The veil by Belle Bassin, Obliteration




the eye_altered contrast

Text by Jacqueline Doughty…

The notion of windows onto another reality appears often in Belle Bassin’s work, and so when viewing the delicate network of pencil lines in her recent drawing Vesica Pisces one immediately thinks of the tracery of a stained glass window, particularly the circular rose windows commonly seen in Gothic cathedrals, although in Bassin’s drawing the window has been bleached of colour and taken back to its bare bones. These medieval Christian structures developed directly from the round oculus windows present in classical architecture, most famously in the dome of the Pantheon in Rome, and the main function of these apertures was to draw worshippers’ eyes upwards to encourage contemplation of spiritual matters beyond the visible world.

The oculus, or eye, may seem an unlikely symbol to choose as a portal to the divine, as the act of looking is the foundation of empirical science and in our secular age it is not thought to be rational to believe what cannot be observed. It is curious, then, that spirituality has always found such a strong expression in visual representation, and that the practice we know today as visual art evolved from ancient cultures’ attempts to illustrate the ethereal realms of religion and mysticism – it reveals a stubborn inclination in human nature to embody the immaterial, and to set eyes on what remains invisible.

Belle Bassin’s drawings hinge on a similar contrast between reason and intuition; on what can be seen and what cannot. The rational organising principles she implements when she begins a drawing provide a framework for imagery generated by the irrational compulsions of the sub-conscious. The drawing Vesica Pisces begins with logic and order – a grid and a circle – upon which Bassin has then applied patterns in unstructured clusters that contrast with the strict geometry of the grid. The patterns are loosely based upon a hexagonal form known as the ‘flower of life’ – a symbol which has appeared as a decorative element in art and architecture in many cultures throughout history. The possible variations on this 6-lobed form are infinite, allowing for an accumulation of flower-like combinations of circles, squares, triangles and dots, which the artist describes as developing organically as she draws. Although the drawing process is meticulous and time-consuming, it is also meditative, allowing the artist to clear her head and draw without a final image in mind. Upon finishing a drawing session for the day, she is often surprised by what she sees.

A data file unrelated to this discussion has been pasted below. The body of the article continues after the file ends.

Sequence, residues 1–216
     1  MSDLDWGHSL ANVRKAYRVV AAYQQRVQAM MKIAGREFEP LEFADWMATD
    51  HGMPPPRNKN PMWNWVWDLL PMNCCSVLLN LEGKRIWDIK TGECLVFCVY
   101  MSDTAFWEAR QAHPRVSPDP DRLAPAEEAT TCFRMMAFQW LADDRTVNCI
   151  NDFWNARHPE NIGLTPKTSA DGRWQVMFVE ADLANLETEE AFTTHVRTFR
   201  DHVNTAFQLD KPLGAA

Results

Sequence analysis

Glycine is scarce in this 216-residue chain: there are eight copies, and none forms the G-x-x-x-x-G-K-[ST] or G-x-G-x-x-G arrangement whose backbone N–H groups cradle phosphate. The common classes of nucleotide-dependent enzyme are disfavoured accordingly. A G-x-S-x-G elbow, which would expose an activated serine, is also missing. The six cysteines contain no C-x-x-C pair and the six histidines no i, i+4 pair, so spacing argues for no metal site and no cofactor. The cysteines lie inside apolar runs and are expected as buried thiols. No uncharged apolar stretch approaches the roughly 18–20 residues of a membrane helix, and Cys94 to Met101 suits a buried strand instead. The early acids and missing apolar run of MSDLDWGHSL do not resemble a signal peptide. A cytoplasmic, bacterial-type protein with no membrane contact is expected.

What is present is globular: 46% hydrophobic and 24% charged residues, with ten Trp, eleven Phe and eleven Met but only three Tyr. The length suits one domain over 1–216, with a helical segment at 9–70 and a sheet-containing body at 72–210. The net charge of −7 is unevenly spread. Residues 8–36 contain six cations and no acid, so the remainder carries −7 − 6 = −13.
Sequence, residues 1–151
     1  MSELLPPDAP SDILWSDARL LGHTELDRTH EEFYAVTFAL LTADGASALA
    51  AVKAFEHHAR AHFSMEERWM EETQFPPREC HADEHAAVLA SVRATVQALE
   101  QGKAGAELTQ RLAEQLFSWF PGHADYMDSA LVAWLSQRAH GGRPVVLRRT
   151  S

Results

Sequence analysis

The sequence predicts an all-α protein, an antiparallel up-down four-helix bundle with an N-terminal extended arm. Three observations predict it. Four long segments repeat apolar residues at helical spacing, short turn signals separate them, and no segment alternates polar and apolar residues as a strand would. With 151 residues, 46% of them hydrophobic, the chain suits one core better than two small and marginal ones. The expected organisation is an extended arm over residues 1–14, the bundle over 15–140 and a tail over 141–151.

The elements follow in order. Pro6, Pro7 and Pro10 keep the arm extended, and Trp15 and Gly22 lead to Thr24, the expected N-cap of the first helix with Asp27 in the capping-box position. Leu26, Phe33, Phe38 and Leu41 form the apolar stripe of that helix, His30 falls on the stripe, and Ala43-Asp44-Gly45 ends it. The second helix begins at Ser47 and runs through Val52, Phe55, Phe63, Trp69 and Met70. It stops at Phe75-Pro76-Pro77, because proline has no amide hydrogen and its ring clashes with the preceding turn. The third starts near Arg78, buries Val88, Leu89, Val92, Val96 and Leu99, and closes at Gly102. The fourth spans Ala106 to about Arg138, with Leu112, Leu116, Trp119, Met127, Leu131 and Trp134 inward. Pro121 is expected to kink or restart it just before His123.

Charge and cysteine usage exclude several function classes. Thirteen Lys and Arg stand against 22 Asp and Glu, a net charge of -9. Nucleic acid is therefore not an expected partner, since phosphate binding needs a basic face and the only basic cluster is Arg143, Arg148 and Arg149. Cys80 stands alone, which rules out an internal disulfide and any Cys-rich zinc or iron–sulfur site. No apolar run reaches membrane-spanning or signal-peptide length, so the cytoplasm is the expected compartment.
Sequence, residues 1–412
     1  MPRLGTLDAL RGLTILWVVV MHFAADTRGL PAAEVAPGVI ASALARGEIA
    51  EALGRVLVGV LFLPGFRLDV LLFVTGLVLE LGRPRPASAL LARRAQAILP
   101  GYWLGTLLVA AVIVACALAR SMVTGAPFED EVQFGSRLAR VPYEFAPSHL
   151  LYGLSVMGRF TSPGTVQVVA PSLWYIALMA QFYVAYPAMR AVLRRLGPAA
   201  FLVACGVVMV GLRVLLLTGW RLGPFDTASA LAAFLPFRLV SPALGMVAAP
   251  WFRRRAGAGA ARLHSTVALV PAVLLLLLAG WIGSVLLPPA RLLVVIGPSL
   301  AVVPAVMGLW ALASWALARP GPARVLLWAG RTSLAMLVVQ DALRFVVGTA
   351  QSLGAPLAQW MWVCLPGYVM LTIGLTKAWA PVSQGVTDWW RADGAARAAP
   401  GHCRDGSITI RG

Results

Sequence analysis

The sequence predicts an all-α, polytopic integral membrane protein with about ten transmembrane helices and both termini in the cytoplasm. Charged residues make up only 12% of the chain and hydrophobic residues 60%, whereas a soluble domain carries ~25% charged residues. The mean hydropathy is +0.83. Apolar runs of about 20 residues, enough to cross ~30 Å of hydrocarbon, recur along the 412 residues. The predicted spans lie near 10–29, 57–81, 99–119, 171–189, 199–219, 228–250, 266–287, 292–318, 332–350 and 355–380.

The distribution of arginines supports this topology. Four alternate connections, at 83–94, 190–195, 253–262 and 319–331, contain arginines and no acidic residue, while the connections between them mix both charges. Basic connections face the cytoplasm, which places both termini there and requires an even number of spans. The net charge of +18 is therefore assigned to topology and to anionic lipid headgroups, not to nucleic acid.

This process has a performative, ritual quality that is closely connected to Bassin’s practice of meditation and her self-described “hybrid” belief system, which draws on a number of esoteric disciplines. Bassin’s recent drawings display her interest in consciousness grids, diagrams that derive from sacred geometry and the belief that particular mathematical ratios and proportions can embody the universe and the divine. It is not surprising, then, that her recent drawings bring to mind mandalas, geometric compositions that in Buddhism have a dual function as symbolic maps of the universe and as tools to guide meditation. Paradoxical though it may seem, following the patterns of a mandala with the eyes is thought to assist in focusing the mind beyond the visible world, and thus the mandala acts quite literally as a map or pathway to spiritual enlightenment – a journey that begins visually but ends in realms which cannot be seen or quantified.

There are many cultures and belief systems in which visual schemata employing strict symmetrical organization and geometric forms mediate a transcendental experience that defies rational explanation – from mandalas and consciousness grids, to Navajo sand drawings and the powder diagrams used in Haitian Vodou rituals. This slippage between the logic of mathematical structure and the less chartable territory of spirituality is also present in Belle Bassin’s work, and is what gives her recent drawings their tension – what she describes as a “push and pull” between the discipline of the grid and the spontaneous mark-making through which she develops the patterning. The structural contrasts in her drawings serve as a visualisation of the seemingly contradictory human urge to make order out of chaos, and to harness the ineffable through the organising principles of myth, ritual, and symbol.